Social Conformity and questioning authority

25 November,2016 by Jack Vamvas

Generally I work every day on database server problems. But I don’t work in a vacumn. I work with groups of people – some are IT professionals , others are customers, suppliers , managers. All these people have different levels of motivation and ambition. They approach work from their perspective but we all end up working in a structure of authority.

I started reading on the subject of social conformity and to what extent we question authority. Zimbardo and Milgram led two classic experiments , exploring the subject of social conformity and authority. I’m not jumping to any conclusions about my workplace , but it’s interesting reading

Zimbardo’s aim was to investigate how readily people would conform to the roles of guard and prisoner in a role-playing exercise that simulated prison life.

Zimbardo converted a basement of the Stanford University psychology building into a mock prison. He advertised for students to play the roles of prisoners and guards for a fortnight.

More than 70 applicants answered the ad and were given interviews and personality tests to eliminate candidates with psychological problems, medical disabilities, or a history of crime or drug abuse. The study ended up involving 24 male college students who were paid $15 per day to take part in the experiment.

Participants were randomly assigned to either the role of prisoner or guard in a simulated prison environment. The prisoners were treated like any criminal, being arrested from home and held in prison with just a number as an identity (deindividualization).

All guards were dressed in identical uniforms of khaki, and they carried a whistle around their neck and a billy club borrowed from the police. Guards also wore special sunglasses, to make eye contact with prisoners impossible. Guards were told they were in charge and instructed to do whatever they thought was necessary to maintain law and order in the prison and to command the respect of the prisoners. However, no physical violence was permitted.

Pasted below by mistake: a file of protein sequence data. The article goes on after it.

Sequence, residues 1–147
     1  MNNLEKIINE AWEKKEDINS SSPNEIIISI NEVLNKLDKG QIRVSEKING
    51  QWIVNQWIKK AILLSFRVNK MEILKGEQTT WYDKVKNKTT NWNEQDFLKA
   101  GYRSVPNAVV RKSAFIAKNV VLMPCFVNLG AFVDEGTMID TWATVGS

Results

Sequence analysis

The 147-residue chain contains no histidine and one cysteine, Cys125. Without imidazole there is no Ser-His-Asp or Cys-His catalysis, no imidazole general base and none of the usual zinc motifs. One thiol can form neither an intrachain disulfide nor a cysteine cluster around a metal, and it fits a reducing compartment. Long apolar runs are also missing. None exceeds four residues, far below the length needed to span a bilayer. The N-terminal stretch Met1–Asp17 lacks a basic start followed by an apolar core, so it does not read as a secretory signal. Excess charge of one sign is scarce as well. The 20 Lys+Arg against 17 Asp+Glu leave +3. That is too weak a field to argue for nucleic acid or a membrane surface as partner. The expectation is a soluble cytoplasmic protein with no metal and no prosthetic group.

The prisoners were humiliated with insults and petty orders, they were given pointless and boring tasks to accomplish, and they were generally dehumanized. E.g. cleaning the toilet with their hands.

Zimbardo had planned for the experiment should run for a fortnight, but on the sixth day it was stopped. Christina Maslach, a recent Stanford Ph.D. was brought in to conduct interviews with the guards and prisoners, strongly objected when she saw the prisoners being abused by the guards. She said, "It's terrible what you are doing to these boys!" she was the only one that questioned what Zimbardo’s experiment was doing to the prisoners and guards. On the contrary, Zimbardo later on married Christina Maslach!

One of the main issues with the Zimbardo prison study is that it has low ecological validity meaning that it is less of a realistic situation due to the participants knowing it was an experiment the whole time. Unlike other situations where it isn’t an experiment but has real-life consequences